Charlotte of Cyprus was born on 28 June 1444 in Nicosia as the eldest and ultimately only surviving legitimate child of King John II of Cyprus and Helena Palaiologina. She had a younger sister Cleopha, who died young. She had an illegitimate half-brother James, who was the son of her father’s Greek mistress Marietta de Patras. She had an excellent education in languages, speaking fluent Greek and she could also write in French and Italian, and possibly Latin.
She was married for the first time at the age of 12 to John of Portugal, who was the second son of Infante Peter, Duke of Coimbra, and Isabella of Aragon, Countess of Urgell. He was 13 years older than her. It was to be a short marriage. He was poisoned by his mother-in-law the following year. On 28 July 1458 Charlotte’s father died, and she succeeded him as Queen of Cyprus. She was crowned on 7 October 1458.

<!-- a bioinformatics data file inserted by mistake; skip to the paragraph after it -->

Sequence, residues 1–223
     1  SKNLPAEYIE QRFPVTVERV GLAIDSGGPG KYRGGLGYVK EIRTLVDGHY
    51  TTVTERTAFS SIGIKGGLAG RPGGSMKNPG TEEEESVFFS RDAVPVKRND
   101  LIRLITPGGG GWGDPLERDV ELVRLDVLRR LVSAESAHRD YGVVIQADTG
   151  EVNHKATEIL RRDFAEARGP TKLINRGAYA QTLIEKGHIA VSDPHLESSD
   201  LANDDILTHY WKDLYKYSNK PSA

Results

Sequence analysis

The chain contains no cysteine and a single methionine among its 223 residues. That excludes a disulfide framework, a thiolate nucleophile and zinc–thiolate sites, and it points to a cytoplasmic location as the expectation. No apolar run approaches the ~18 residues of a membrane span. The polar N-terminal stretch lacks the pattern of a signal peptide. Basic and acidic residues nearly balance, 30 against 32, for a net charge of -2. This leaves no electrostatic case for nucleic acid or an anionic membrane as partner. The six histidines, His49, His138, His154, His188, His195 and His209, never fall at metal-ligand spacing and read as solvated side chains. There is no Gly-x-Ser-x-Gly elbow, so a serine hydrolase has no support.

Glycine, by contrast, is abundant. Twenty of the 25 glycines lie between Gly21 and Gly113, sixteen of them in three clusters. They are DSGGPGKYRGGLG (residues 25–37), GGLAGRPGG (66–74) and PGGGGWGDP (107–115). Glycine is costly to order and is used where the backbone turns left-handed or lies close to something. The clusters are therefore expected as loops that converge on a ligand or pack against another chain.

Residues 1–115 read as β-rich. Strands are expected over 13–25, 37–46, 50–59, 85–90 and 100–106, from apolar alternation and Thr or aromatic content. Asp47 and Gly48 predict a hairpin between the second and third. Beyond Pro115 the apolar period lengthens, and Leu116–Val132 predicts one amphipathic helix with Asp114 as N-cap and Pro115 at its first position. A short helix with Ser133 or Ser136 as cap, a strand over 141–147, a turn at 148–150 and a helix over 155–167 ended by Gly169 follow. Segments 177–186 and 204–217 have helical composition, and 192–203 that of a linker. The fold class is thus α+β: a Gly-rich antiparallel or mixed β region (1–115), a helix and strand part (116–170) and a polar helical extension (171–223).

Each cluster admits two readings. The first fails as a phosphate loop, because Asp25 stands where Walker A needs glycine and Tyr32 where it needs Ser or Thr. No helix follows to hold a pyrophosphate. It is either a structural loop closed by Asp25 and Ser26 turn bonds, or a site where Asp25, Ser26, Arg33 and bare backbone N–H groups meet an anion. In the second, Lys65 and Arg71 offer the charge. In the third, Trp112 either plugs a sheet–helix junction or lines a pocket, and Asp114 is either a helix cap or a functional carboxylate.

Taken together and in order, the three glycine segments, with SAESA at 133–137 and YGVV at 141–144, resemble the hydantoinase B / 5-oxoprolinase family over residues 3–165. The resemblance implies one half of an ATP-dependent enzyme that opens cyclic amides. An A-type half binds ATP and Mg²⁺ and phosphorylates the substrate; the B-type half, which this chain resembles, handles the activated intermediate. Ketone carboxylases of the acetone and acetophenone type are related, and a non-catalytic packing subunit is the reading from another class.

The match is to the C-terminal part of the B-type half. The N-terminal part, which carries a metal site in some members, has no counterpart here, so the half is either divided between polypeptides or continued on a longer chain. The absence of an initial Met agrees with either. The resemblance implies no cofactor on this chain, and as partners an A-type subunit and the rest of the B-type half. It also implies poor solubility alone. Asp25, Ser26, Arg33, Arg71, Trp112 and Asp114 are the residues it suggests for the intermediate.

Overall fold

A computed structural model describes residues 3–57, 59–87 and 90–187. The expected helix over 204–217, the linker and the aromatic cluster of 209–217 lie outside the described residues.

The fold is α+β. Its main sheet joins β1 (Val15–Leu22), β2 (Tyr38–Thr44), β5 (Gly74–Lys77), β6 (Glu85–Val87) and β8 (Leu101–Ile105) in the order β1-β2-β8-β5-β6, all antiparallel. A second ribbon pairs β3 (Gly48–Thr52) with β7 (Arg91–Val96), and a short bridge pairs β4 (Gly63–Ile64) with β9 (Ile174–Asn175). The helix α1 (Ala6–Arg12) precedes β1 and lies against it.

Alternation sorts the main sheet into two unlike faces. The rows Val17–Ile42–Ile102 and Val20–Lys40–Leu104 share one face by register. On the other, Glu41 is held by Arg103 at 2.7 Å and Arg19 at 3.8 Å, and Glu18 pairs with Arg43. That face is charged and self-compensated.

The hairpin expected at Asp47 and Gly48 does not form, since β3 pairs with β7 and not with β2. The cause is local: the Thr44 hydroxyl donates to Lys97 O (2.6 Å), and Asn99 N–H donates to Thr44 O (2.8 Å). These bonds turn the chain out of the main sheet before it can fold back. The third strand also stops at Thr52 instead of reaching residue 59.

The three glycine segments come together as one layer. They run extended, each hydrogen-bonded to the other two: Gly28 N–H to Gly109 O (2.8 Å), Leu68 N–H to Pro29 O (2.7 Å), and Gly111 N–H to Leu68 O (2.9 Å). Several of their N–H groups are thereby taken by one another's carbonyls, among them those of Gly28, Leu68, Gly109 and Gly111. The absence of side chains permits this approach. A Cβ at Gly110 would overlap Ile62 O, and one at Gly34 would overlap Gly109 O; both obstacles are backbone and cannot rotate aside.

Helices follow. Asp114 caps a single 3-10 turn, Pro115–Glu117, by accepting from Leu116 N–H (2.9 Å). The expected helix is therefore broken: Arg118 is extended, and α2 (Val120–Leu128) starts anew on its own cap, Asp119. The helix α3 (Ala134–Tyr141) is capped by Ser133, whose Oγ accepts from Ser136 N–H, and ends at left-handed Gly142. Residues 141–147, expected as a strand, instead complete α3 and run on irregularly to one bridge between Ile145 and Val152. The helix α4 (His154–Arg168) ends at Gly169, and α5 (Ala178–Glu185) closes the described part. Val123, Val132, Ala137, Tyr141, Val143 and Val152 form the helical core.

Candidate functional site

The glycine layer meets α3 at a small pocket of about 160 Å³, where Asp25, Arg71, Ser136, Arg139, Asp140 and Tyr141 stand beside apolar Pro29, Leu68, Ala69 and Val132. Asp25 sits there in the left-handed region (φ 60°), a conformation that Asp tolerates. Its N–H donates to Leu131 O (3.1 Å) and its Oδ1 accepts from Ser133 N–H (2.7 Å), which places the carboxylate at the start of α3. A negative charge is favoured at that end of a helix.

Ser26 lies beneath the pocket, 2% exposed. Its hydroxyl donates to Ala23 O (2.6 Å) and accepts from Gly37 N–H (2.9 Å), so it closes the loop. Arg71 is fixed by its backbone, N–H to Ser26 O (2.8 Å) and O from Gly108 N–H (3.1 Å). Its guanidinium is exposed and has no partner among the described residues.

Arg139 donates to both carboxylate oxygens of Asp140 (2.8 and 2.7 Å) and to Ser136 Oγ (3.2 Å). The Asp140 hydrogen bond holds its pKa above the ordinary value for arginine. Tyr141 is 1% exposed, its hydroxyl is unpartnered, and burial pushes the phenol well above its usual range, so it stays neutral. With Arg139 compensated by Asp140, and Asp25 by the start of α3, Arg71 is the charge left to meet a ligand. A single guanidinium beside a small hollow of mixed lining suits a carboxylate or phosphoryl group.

Her succession was challenged by her half-brother James and her reign would be a continuous battle with him. She married for a second time to Louis of Savoy, Count of Geneva in order to receive assistance in retaining her crown. After being blockaded in the castle of Kyrenia for three years, she and Louis fled to Rome in 1463 whereupon her half-brother James was crowned King of Cyprus. She lived in the Convertendi Palace in Trastevere. She was described by Pope Pius II as “a woman of about twenty-four, of middle height: bright eyes, complexion betwixt dark and pale; speech smooth and flowing torrent like after the manner of the Greeks; French costume; manners becoming her royal blood”. She later lived on the island of Rhodes. She was not successful in reclaiming her throne with papal support, even when power passed to James’ widow Catherine Cornaro. She had a stillborn son with her second husband in 1464 and remained childless for the rest of her life.
She died on 16 July 1487, having ceded her claims to her cousin’s son, Charles I of Savoy. She was Queen of Cyprus for just six years. The Kingdom of Cyprus was disestablished in 1489 when Catherine Cornaro sold the land to Venice. Charlotte was buried in the Chapel of Saint Andrew and Saint Gregory at St. Peter’s Basilica.